I have really struggled to summarize this book and I’m not sure why, because it’s no more complex than any other Redwall book. Regardless, it remains one of my favorite books in the entire series, which is really saying something when so far each successive book has become my new favorite, except Outcast because fuck that book and maybe also The Bellmaker. Part of my love for this particular era of Redwall history stems from my overwhelming love for Cregga, both before and after she becomes Redwall’s most badass badgermum. Yes, she has a slight anger problem, but she’s still my favorite Badger Lord. I’m so glad I’ll get to see her again in Marlfox and Taggerung. I also adore Russa, who is one of my favorite squirrels, and I wish she had made it to the end; but on the other hand, she goes out in style and takes a bunch of vermin with her, and I can’t imagine her going any other way. I love Russano’s formal introduction at the end, in which he reveals that he carries Russa’s walking stick as his preferred weapon. His name and his weapon are such perfect tributes to her; I wouldn’t change them for the world.

If there is one thing I would have removed from the very crowded roster of Long Patrol characters – well, really more like two things – it is Lousewort and Sneezewort, two low-level rats in Damug’s horde. Lousewort is big and stupid and friendly and Sneezewort is small and stupid and mean, and I don’t think they really added much. I mean, I kinda like Lousewort, if “like” can be used as a synonym for “feel sorry for,” but the pair of them are so clearly there for comic relief that I feel like the story wouldn’t have suffered if they’d been swapped out for sexy lamps. Their story is one long comedy of errors, and it ends with them running for their lives after letting Tammo and Midge escape the Rapscallion camp. There really is no purpose to Lousewort’s sudden elevation to the title of Rapscour, or his struggles with Hogspit, a weasel Rapscour who bullies him mercilessly. I don’t even think they needed to be replaced by anything else; they’re just kind of a waste of space. I am also slightly uncomfortable with the tone of their relationship, which is supposed to be humorous but comes across as mean-spirited. I would have liked it better if Sneezewort had actually acted like a friend, rather than a tiny bully taking advantage of Lousewort’s equally tiny IQ.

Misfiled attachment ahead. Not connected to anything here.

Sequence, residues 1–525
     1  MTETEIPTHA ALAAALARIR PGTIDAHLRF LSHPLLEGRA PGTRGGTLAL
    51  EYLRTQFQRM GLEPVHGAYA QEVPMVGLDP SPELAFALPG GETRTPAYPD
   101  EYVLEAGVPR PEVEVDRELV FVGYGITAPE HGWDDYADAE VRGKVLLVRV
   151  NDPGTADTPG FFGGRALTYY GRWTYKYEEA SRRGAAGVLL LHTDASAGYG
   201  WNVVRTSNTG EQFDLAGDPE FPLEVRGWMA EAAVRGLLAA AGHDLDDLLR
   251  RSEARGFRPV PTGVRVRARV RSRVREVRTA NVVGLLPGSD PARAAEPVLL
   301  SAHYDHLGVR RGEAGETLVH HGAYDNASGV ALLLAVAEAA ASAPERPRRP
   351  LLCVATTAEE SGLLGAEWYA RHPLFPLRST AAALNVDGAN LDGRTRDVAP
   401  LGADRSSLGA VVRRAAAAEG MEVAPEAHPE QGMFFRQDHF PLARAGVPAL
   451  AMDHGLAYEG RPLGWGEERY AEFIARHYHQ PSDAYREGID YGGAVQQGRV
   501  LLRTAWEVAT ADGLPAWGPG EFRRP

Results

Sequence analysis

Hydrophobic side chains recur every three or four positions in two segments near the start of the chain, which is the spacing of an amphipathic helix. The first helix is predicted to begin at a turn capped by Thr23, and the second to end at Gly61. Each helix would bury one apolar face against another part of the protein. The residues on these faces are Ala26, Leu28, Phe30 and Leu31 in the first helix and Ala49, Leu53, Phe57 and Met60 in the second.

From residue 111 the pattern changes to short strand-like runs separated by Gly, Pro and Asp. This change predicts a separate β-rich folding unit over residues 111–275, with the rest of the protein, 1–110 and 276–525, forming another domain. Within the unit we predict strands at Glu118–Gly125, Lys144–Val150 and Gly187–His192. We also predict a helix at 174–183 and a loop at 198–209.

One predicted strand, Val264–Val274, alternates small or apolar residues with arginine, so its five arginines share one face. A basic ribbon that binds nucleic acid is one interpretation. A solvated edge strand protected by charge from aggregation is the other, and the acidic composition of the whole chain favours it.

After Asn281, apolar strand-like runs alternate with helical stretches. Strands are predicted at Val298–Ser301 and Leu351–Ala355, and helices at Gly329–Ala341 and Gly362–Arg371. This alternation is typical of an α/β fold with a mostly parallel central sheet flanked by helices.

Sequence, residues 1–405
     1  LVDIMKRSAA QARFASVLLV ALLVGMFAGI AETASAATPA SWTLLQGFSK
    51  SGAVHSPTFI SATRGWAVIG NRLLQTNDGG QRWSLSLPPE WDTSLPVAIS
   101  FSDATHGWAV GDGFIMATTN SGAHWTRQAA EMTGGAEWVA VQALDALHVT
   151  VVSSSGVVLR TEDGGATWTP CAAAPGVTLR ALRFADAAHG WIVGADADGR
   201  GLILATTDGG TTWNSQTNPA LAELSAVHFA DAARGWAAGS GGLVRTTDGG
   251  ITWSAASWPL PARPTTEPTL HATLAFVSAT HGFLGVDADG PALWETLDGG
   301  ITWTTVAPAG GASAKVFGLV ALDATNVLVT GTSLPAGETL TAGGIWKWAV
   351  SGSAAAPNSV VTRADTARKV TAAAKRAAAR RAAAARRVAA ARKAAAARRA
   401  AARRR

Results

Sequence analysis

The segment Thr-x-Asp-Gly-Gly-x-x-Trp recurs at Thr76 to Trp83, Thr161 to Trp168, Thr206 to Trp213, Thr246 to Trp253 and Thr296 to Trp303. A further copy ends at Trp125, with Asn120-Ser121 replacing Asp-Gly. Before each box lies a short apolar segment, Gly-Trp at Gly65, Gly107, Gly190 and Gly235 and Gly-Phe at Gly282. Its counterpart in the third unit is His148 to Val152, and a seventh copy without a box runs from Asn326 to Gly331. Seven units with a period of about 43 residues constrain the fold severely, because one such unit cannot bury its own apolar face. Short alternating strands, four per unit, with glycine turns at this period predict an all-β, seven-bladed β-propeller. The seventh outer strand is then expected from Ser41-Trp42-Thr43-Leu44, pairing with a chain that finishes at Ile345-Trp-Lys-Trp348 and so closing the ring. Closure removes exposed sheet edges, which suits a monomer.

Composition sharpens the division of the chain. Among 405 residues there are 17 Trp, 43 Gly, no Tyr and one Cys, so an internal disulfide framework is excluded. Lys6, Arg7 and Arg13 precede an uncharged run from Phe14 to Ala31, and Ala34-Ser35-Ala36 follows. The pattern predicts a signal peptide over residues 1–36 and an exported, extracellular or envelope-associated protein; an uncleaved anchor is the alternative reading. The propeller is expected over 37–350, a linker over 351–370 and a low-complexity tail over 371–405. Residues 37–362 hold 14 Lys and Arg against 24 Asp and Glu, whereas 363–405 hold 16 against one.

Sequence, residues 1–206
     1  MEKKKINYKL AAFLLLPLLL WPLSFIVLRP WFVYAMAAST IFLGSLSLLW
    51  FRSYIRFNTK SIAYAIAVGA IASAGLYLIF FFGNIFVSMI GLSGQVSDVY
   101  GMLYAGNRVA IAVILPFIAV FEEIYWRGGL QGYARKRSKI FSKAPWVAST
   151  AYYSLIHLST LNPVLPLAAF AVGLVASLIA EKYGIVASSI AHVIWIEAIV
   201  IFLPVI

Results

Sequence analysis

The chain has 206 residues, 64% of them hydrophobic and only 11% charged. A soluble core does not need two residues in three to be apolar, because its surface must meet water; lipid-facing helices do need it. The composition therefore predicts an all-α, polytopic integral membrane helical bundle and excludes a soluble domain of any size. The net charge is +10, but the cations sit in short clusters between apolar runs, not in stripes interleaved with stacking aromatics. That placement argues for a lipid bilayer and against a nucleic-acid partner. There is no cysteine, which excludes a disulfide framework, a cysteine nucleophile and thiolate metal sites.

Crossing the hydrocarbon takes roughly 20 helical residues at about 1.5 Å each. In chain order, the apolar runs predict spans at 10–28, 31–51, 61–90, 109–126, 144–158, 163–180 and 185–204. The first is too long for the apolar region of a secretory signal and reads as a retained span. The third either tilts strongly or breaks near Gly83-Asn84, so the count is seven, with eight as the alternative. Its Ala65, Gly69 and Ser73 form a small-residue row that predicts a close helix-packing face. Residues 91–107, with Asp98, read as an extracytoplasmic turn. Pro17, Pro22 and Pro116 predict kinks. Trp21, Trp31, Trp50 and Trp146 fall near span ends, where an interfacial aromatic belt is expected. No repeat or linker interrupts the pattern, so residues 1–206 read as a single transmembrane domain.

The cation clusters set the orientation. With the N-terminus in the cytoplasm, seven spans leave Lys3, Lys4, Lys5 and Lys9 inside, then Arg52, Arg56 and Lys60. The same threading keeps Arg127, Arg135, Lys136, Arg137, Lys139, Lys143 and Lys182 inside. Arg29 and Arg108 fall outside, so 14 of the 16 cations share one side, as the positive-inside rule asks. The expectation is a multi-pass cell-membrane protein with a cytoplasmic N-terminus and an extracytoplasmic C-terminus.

Having said that, I don’t really care about Lousewort and Sneezewort, so their awkward relationship wasn’t enough for me to knock any stars off the book. My one real complaint, though it’s more of a cautionary note, is that you cannot read this book on a day you haven’t eaten anything unless starvation is the vibe you’re going for. I finished the book at two in the morning, which was an absolutely fucking terrible idea because I then spent the next thirty minutes looking up shrimp stew recipes on Pinterest. And of course this is a note that applies to most Redwall books, but this one was particularly hungermongering. Next thing you know I’ll actually be trying to make the watershrimp and hotroot soup those dang otters love so much. I have absolutely nothing to say in my own defense, except that the book made me do it, and – as usual – I’ll see you in the kitchen.